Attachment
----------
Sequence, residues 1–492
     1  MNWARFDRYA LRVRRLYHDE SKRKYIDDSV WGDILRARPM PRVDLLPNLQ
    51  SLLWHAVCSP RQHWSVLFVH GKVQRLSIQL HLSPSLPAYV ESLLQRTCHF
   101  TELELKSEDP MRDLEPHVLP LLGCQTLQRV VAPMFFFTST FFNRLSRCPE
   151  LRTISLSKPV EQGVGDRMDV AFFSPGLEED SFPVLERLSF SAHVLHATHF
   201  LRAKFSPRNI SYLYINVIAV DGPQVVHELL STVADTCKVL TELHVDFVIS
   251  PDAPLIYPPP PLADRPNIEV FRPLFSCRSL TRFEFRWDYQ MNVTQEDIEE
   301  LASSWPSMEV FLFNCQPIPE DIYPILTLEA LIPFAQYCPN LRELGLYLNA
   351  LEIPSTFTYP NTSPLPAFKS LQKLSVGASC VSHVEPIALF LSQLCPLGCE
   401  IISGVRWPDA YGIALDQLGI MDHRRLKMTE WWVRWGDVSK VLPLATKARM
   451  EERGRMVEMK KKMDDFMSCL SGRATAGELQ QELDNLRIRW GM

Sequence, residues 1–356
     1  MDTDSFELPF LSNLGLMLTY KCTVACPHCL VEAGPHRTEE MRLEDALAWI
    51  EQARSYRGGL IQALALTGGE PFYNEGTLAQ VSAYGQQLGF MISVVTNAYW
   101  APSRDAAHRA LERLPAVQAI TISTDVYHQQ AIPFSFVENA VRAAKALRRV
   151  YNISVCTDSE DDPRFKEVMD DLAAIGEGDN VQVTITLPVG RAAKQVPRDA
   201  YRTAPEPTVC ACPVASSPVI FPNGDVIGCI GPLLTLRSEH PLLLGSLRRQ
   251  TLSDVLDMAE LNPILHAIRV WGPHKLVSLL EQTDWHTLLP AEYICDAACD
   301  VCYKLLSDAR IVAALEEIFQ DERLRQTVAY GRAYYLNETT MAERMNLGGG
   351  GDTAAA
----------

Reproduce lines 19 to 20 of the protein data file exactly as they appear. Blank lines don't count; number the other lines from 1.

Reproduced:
   301  VCYKLLSDAR IVAALEEIFQ DERLRQTVAY GRAYYLNETT MAERMNLGGG
   351  GDTAAA